Imus, et arguta paulum recubamus in umbra,
Aut ad aquas Colni, &c.

Amidst the fruitful and delightful scenes of this river, the nymphs and shepherds had no reason to regret, as in the third Song, the Arcadian "Ladon's lilied banks." -T. WARTON.


See an account of Harefield, in Lysons Environs of London," with a print of the Countess of Derty's monument there.

It is probable, that these persons of Lady Derby's own family" were the children of the Earl of Bridgewater, who had married a daughter of the Countess : and - Arcades" perhaps was acted the year before "Comus." In 1632 Milton went to reside with his father at Horton, in the neighbourhood of Harefield; and might have been soon afterwards desired to compose this dramatic entertainment. Lord Brackley, Mr. Thomas Egerton, and Lady Alice Egerton, the performers in Comus," appeared upon the stage at court in 1633, in Carew's Mask of "Colum Britannicum ;” and “ Arcades” might be a domestic exhibition somewhat prior to 1 that of Carew's Mask; as being intended perhaps to try, and encourage, their confidence and skill, before they performed more publicly. Among the manuscripts that once belonged to Lord Chancellor Egerton, and which are now in the possession of the Marquis of Stafford, there is a curious illustration of domestic manners, on three folio sheets, in an "Account of disbursements for Harefield, where the Lord Keeper Egerton and the Countess of Derby resided in 1602.”—TODD.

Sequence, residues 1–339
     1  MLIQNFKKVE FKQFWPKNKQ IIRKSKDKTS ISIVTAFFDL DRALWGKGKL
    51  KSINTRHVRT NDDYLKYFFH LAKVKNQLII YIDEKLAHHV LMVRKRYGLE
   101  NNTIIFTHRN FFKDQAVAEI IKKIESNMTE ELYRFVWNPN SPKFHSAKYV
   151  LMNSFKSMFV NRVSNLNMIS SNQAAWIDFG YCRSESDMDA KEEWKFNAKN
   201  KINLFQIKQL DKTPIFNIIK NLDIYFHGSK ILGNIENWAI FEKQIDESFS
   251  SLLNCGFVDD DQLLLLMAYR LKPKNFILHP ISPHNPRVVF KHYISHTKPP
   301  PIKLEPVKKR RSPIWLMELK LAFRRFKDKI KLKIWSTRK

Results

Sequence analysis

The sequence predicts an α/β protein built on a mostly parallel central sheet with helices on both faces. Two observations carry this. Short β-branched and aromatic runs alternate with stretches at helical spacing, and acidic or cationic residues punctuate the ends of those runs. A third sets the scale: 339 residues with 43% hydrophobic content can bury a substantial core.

ALICE, Countess Dowager of Derby, married Ferdinando Lord Strange; who, on the death of his father Henry, in 1594, became Earl of Derby, but died the next year. She was the sixth daughter of Sir John Spenser of Althorp in Northamptonshire: she was afterwards married [in 1600] to Lord Chancellor Egerton, who died in 1617. See Dugd. Baron. iii. 251, 414. She died Jan. 26, 1635-6, and was buried at Harefield: "Arcades" could not therefore have been acted after 1636. Milton is not the only great English poet who has celebrated this Countess Dowager of Derby. She was the sixth daughter, as we have seen, of Sir John Spenser, with whose family Spenser the poet claimed an alliance. In his "Colin Clout's come home again," written about 1595, he mentions her under the appellation of Amaryllis, with her sisters Phyllis, or Elizabeth; and Charillis, or Anne; these three of Sir John Spenser's daughters being best known at court. See v. 546.